Nails done, check. Hair done, purse packed, iPad, iPhone…check, check, check and check. My friend was preparing to take me to the emergency room and all of the positivity I had trained my mind to focus on had left me. My mind was gone and I was left with a panicked brain as it tried to fight, or fight itself.

One test, two test, blood test, morphine. I had just finished my last round of tests before they would determine what further action needed to be taken. This whole time I couldn’t stop thinking about how much I hate this place. The last time I had stepped foot in an emergency room was when my dad was sick, and it was a place I never wanted to be in again. But here I was, not knowing anything beyond the best friend sitting next to me and the extreme pain I have had for two weeks in my mid-section. Another injection. It hits you like a whiskey shot down your throat and through your veins. My friend is by my side the whole time holding my hand and making me laugh as we shop for Valentino shoes and live stream as many shows from New York Fashion Week as we can.

No food, 72 hours and counting. My nurse comes in with two cups of liquid. A dye to prepare my insides for a CT scan. It tasted like watered down cheap vodka and I had an hour to finish these two large cartons. Finished. Now another hour to let the dye set in. My other best friend is here now and makes the room all the more cozy with her love and a pretty Valentine’s Day balloon. It’s time for the CT scan and I can’t stop tearing up.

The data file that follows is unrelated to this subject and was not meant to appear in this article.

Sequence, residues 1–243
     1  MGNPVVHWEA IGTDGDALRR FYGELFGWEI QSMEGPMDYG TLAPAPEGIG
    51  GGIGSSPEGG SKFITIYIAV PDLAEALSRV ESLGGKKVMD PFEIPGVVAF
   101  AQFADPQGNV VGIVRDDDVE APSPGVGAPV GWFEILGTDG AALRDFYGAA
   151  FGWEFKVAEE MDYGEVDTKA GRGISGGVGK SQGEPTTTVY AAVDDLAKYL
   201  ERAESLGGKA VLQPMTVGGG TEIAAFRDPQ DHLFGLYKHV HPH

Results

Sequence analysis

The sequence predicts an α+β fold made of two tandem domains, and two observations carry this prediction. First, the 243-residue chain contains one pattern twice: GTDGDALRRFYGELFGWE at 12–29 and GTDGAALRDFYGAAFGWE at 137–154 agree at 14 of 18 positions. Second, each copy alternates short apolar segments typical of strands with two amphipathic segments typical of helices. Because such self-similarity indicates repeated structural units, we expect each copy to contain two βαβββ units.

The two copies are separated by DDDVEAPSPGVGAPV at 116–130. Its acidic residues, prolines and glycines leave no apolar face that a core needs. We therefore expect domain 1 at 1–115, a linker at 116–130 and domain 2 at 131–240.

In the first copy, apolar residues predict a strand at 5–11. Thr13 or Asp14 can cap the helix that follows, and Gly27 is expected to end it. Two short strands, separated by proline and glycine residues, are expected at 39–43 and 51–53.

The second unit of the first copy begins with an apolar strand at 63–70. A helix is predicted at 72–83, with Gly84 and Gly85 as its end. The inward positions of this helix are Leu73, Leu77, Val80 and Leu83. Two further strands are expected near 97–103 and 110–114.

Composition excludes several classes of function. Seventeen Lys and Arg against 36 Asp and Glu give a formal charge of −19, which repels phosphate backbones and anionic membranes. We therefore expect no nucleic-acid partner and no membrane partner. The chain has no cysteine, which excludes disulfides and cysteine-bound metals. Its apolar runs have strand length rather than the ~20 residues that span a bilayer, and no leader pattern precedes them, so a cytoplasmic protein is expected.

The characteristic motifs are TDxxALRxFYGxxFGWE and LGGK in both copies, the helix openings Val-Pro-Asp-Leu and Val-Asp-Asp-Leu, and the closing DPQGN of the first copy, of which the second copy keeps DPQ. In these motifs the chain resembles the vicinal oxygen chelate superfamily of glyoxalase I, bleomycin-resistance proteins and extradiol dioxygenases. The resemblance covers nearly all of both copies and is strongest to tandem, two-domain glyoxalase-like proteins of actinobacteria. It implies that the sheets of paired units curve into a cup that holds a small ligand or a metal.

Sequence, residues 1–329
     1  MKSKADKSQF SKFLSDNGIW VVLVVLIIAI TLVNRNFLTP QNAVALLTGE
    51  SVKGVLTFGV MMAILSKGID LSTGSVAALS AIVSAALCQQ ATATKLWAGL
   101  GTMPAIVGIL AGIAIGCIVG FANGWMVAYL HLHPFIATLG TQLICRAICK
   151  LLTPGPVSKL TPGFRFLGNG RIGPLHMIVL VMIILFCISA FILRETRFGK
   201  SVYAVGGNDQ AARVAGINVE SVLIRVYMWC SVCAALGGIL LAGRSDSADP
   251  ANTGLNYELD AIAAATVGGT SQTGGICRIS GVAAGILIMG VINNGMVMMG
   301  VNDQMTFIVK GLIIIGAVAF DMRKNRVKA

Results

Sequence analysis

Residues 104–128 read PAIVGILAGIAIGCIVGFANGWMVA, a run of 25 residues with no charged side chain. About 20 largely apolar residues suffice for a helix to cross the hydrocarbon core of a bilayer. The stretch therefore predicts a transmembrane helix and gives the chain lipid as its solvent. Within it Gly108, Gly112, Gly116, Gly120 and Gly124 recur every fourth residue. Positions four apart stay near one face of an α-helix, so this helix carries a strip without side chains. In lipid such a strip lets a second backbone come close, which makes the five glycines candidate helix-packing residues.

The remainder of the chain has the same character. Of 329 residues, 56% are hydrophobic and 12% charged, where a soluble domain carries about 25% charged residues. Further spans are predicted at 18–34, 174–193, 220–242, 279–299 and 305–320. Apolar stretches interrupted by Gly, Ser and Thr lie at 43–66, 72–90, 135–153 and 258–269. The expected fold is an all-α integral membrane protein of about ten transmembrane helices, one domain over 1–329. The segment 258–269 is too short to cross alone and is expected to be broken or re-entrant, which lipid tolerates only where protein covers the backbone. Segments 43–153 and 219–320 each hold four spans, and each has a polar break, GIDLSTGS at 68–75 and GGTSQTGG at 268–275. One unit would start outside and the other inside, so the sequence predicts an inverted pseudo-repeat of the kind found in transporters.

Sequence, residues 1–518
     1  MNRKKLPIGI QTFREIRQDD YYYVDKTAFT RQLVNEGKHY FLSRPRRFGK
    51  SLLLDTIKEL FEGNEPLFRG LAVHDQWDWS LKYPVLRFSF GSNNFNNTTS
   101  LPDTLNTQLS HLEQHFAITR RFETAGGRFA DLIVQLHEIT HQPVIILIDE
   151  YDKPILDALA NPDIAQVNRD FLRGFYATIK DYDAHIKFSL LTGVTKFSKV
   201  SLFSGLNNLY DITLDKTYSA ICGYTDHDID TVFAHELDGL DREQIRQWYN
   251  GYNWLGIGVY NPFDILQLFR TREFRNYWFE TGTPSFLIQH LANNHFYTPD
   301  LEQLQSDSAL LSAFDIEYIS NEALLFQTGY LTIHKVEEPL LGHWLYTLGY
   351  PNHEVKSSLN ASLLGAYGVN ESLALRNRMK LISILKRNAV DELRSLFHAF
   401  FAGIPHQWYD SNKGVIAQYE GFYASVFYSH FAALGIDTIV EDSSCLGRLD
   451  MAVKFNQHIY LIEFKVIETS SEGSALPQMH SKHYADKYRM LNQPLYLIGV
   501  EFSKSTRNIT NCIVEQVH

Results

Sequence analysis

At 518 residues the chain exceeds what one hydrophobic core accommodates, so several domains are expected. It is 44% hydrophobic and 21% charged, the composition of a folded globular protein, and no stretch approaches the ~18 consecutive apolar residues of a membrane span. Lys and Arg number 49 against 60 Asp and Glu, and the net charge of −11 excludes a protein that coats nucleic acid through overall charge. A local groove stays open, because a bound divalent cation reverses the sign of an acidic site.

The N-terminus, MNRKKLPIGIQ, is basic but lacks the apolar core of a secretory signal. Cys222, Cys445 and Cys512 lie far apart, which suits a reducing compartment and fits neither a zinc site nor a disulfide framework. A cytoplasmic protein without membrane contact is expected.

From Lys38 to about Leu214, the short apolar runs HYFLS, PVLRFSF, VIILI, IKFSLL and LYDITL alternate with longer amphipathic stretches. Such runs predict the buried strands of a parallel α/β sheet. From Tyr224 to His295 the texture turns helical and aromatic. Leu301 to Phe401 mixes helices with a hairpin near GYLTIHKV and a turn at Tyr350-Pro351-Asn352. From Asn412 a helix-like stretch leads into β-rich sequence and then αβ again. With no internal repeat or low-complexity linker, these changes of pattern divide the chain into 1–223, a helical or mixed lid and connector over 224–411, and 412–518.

Take a deep breath in, hold your breath, now breathe. Repeat 5 times.

“Inflammation of the digestive tract”… like Google hadn’t told me that ten times every day for the past two weeks. They want to keep me for three nights to run more tests, see more doctors and tell them the same story a million more times. I get moved to the fifth floor.

My friends leave but not for long, and come back in their pajamas with soup in their hands and games for us to play. Tears of gratitude fill my eyes as they make beds in my tiny fluorescent-lit room.

1 a.m, 4 a.m, 6 a.m morphine. I need something stronger. My floor is rather quiet and my nurses are angels. Doctor one, doctor two, three, four and five. My GI doc speaks Arabic so we bond as we discuss my condition. It’s a quiet day and my scary white room becomes comforting and colorful with balloons, flowers and chocolates that I can’t eat ’till Monday. It’s 8:00 p.m and someone down the hall is screaming in pain. Flashbacks of my father’s screams resonate in my head as I turn my music up louder, just like I had 5 years ago.

It’s Sunday night and the final procedures start tomorrow.

Count every day, live a healthy and positive life. Although I thought I was already on that path, everything happens for a reason. There’s a natural way to combat any human complication. While I was living happily in my positive mind, my brain was neglected and needed my attention. Now a new door has opened for me to rebuild this connection, recreate my perspective, create a new lifestyle, and be a stronger, happier and more positive being than ever before.

2 Replies to “My Morphine Valentine”

  1. Pingback: Update 7.28.15 |
  2. Julia –
    I’d love to have your permission to use this narrative in my graduate seminar “Narratives in Healthcare” in the Winter quarter. J. Baglia


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